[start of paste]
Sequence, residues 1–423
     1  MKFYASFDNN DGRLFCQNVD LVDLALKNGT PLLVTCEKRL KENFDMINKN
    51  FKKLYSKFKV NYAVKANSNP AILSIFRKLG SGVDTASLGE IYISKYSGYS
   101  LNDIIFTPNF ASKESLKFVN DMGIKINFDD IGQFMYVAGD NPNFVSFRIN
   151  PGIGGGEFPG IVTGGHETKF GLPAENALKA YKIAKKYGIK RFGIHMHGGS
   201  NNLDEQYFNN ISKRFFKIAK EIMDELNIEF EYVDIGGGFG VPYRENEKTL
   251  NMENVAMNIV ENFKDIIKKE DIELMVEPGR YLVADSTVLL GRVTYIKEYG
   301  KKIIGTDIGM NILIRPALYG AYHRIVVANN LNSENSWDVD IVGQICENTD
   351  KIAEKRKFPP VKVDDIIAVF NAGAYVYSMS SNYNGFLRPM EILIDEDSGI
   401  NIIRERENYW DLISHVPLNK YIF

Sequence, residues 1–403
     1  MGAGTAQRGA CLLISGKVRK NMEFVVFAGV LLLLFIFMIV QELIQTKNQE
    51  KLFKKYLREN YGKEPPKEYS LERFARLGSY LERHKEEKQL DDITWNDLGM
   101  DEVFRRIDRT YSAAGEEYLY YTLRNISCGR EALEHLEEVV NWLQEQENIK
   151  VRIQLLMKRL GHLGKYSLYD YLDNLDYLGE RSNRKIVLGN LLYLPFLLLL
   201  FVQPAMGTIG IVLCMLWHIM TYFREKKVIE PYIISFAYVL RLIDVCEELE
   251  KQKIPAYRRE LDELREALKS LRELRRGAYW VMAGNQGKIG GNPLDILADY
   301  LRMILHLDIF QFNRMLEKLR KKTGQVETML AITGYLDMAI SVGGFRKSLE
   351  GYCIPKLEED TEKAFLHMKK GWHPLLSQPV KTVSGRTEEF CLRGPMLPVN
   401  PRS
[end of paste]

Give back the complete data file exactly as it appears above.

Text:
Sequence, residues 1–423
     1  MKFYASFDNN DGRLFCQNVD LVDLALKNGT PLLVTCEKRL KENFDMINKN
    51  FKKLYSKFKV NYAVKANSNP AILSIFRKLG SGVDTASLGE IYISKYSGYS
   101  LNDIIFTPNF ASKESLKFVN DMGIKINFDD IGQFMYVAGD NPNFVSFRIN
   151  PGIGGGEFPG IVTGGHETKF GLPAENALKA YKIAKKYGIK RFGIHMHGGS
   201  NNLDEQYFNN ISKRFFKIAK EIMDELNIEF EYVDIGGGFG VPYRENEKTL
   251  NMENVAMNIV ENFKDIIKKE DIELMVEPGR YLVADSTVLL GRVTYIKEYG
   301  KKIIGTDIGM NILIRPALYG AYHRIVVANN LNSENSWDVD IVGQICENTD
   351  KIAEKRKFPP VKVDDIIAVF NAGAYVYSMS SNYNGFLRPM EILIDEDSGI
   401  NIIRERENYW DLISHVPLNK YIF

Sequence, residues 1–403
     1  MGAGTAQRGA CLLISGKVRK NMEFVVFAGV LLLLFIFMIV QELIQTKNQE
    51  KLFKKYLREN YGKEPPKEYS LERFARLGSY LERHKEEKQL DDITWNDLGM
   101  DEVFRRIDRT YSAAGEEYLY YTLRNISCGR EALEHLEEVV NWLQEQENIK
   151  VRIQLLMKRL GHLGKYSLYD YLDNLDYLGE RSNRKIVLGN LLYLPFLLLL
   201  FVQPAMGTIG IVLCMLWHIM TYFREKKVIE PYIISFAYVL RLIDVCEELE
   251  KQKIPAYRRE LDELREALKS LRELRRGAYW VMAGNQGKIG GNPLDILADY
   301  LRMILHLDIF QFNRMLEKLR KKTGQVETML AITGYLDMAI SVGGFRKSLE
   351  GYCIPKLEED TEKAFLHMKK GWHPLLSQPV KTVSGRTEEF CLRGPMLPVN
   401  PRS